The All India Congress Committee Launches the Quit India Movement

The "Quit India" resolution passed by the All-India Congress Committee brought it into a head-on collision with the Government in August 1942.

The Viceroy, with the strong backing of the British Cabinet, struck hard. Gandhi, Nehru and almost all the Congress leaders were imprisoned; the severest repression was launched against the Congress—its funds were frozen offices sealed and publicity media plugged. This "blitzkrieg" had violent repercussions. In the last speech before the All-India Congress Committee before his arrest, Gandhi had made non-violence the basic premise of the struggle which he proposed to launch; this advice remained unheeded between the frenzy of the people and the hammer blows of the Government. In several parts of the country, in Bihar, in U. P., in Bengal and in Bombay, the fury of the people burst the dykes and turned on the instruments and symbols of British rule.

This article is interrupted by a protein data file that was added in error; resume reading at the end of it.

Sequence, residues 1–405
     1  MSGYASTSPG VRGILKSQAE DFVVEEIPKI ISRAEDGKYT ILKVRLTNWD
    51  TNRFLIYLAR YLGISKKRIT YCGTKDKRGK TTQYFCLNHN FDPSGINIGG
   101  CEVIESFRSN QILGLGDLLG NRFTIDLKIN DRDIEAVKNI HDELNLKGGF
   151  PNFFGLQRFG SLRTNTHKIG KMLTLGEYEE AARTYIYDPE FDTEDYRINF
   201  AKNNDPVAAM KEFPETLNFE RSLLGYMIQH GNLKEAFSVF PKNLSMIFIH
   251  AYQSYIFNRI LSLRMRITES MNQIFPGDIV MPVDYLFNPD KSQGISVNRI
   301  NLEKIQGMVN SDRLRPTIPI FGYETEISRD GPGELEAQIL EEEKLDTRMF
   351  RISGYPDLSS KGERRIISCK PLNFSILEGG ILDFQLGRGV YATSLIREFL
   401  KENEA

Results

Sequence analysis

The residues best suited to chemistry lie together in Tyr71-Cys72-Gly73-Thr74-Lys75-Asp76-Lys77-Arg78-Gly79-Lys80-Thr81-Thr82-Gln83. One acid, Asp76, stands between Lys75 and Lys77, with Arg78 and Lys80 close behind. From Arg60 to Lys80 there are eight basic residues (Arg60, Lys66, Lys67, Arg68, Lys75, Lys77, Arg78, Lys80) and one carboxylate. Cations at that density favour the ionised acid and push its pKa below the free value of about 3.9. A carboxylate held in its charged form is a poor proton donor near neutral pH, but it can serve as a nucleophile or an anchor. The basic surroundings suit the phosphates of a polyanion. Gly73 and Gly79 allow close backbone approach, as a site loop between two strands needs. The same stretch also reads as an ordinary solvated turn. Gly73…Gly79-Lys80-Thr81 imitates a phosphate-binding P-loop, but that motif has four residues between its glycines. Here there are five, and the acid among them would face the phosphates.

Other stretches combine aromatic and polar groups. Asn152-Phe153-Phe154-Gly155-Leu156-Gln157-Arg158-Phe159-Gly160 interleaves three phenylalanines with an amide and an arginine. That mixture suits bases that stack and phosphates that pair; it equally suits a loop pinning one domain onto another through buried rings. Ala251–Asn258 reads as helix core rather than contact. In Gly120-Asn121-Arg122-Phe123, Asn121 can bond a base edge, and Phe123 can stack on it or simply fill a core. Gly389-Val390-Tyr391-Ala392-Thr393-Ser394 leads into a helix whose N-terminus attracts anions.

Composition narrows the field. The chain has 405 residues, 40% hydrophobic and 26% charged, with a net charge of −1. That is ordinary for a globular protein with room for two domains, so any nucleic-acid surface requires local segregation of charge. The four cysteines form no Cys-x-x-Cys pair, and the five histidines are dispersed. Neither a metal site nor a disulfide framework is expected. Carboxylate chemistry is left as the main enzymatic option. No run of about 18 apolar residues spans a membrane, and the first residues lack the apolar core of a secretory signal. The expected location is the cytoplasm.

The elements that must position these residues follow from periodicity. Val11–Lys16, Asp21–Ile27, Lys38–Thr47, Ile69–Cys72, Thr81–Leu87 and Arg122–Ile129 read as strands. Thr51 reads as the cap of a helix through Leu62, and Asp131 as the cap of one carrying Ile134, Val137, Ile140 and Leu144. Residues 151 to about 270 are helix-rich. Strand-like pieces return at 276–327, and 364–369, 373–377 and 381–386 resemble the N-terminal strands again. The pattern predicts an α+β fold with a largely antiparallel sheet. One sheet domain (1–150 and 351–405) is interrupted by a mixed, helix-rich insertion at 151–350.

The Quit India Movement (Bharat Chhodo Andolan or the August Movement) was a civil disobedience movement launched in India in August 1942 in response to Mohandas Gandhi's call for immediate independence. Gandhi hoped to bring the British government to the negotiating table. Almost the entire Congress leadership, and not merely at the national level, was put into confinement less than twenty-four hours after Gandhi's speech, and the greater number of the Congress leaders were to spend the rest of the war in jail.